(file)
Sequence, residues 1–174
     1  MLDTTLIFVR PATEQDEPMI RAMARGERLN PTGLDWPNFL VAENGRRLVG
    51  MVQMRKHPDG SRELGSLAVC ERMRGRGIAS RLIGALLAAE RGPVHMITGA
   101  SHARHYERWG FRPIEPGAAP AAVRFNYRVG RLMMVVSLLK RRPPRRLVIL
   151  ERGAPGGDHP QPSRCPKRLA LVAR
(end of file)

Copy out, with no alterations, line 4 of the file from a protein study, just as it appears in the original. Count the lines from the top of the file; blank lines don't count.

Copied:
   101  SHARHYERWG FRPIEPGAAP AAVRFNYRVG RLMMVVSLLK RRPPRRLVIL